Thanks to advances in health care in the past several decades, more than 90% of people who have had a spinal cord injury survive beyond the first year. The focus now is managing the long-term impact of spinal cord injury on things like problem solving, learning and memory. Investigators explored how the brain changes blood flow during a memory task in individuals with a spinal cord injury. They found that although memory was not much different in individuals with spinal cord injury, it did improve after six months of rowing exercise with electrical stimulation of the paralyzed legs. This same improvement was also seen in brain blood flow during memory tasks. This might mean that problems with memory and problem solving after a spinal cord injury may be because of the lack of exercise from immobility. This shows that regular exercise is important for a healthy brain in those with spinal cord injury and may also be true for other people who do not get enough exercise.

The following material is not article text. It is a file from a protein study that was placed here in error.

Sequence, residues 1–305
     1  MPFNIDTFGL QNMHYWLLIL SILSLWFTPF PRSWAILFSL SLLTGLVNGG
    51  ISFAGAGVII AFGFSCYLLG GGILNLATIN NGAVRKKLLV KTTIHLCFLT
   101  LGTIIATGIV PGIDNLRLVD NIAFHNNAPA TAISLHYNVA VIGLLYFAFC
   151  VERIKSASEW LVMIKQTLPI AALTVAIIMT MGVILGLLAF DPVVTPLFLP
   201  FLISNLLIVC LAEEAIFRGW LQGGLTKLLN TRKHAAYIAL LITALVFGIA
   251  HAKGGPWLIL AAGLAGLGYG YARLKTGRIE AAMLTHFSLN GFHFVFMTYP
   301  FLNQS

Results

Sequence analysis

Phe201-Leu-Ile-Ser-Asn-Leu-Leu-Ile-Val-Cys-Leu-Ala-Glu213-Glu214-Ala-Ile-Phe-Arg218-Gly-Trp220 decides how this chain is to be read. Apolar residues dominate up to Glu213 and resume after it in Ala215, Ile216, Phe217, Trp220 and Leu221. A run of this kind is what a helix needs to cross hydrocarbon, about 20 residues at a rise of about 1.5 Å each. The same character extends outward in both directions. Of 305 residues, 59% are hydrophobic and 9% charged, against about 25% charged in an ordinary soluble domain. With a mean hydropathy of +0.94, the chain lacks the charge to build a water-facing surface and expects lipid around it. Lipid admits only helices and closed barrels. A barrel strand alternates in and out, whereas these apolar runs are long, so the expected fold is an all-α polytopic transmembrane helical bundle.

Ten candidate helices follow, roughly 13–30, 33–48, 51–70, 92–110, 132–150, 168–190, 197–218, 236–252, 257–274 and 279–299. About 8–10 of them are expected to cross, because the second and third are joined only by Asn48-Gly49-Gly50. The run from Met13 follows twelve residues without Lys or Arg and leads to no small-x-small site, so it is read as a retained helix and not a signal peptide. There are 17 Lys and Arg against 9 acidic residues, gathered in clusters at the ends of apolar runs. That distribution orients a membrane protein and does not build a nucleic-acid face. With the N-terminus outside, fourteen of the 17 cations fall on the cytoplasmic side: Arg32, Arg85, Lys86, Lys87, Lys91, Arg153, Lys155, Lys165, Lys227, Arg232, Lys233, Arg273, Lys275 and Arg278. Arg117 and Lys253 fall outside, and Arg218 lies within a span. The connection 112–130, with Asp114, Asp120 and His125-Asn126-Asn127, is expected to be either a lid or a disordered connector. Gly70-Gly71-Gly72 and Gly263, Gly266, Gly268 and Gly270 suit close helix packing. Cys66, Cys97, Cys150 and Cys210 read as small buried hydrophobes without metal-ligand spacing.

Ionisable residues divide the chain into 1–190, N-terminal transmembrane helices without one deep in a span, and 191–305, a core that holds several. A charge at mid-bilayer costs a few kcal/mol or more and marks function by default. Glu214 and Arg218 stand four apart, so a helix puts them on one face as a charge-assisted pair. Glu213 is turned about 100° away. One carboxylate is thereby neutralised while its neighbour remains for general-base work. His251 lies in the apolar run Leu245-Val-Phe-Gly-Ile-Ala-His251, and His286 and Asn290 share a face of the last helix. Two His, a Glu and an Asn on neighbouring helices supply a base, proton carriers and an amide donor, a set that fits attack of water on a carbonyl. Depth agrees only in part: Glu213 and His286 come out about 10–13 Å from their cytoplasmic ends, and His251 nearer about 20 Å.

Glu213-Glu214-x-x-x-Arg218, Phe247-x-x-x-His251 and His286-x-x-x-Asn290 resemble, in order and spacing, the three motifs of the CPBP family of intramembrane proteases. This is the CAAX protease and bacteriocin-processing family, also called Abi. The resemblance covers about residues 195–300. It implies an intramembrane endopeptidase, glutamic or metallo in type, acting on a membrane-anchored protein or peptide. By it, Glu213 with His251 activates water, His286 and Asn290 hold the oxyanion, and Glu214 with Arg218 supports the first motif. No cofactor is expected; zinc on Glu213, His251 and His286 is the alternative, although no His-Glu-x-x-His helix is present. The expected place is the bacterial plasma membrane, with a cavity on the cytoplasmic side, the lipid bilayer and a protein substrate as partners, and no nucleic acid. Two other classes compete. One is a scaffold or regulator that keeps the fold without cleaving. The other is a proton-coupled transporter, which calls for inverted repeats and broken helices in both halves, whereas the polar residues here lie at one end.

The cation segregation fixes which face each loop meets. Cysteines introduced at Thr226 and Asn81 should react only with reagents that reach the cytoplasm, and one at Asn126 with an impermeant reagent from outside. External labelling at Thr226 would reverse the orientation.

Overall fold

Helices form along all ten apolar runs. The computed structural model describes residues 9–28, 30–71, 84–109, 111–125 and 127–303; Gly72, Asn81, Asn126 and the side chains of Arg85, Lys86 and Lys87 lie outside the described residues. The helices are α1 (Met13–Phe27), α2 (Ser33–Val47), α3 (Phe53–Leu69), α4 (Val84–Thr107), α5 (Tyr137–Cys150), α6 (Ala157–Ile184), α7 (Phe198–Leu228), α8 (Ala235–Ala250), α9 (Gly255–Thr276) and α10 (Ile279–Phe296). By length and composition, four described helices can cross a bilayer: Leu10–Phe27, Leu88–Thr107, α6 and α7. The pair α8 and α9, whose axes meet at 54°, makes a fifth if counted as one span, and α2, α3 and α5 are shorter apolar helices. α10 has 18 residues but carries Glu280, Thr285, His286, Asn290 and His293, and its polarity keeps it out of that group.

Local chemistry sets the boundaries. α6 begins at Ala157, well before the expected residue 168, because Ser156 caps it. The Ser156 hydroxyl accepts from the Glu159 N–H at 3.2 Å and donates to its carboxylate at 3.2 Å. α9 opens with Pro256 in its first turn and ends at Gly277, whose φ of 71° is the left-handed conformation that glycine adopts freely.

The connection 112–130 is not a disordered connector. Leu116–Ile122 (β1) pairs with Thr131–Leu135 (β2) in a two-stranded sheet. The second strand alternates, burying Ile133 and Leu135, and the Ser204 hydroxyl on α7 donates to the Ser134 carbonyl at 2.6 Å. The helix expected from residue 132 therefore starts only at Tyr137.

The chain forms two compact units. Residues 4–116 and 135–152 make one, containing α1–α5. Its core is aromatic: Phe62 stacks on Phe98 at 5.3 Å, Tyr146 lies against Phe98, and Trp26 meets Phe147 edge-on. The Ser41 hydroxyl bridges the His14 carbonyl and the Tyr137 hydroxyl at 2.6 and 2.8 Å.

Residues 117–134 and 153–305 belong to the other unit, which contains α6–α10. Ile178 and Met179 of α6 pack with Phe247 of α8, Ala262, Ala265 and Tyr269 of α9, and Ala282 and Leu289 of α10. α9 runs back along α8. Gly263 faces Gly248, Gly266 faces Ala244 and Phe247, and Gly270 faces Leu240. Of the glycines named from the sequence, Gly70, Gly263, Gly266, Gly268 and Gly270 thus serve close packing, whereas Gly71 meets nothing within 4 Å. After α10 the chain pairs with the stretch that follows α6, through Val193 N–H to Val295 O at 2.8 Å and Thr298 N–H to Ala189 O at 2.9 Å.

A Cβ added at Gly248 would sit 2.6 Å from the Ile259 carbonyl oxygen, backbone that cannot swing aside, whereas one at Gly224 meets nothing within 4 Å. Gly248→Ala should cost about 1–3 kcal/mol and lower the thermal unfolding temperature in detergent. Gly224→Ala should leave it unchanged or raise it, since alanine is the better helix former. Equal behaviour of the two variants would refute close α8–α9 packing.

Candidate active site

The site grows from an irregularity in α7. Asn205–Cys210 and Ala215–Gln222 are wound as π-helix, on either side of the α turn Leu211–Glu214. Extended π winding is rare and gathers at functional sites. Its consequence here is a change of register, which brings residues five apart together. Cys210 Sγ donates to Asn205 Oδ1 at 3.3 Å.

Journal Link: Medicine & Science in Sports & Exercise, Jan-2021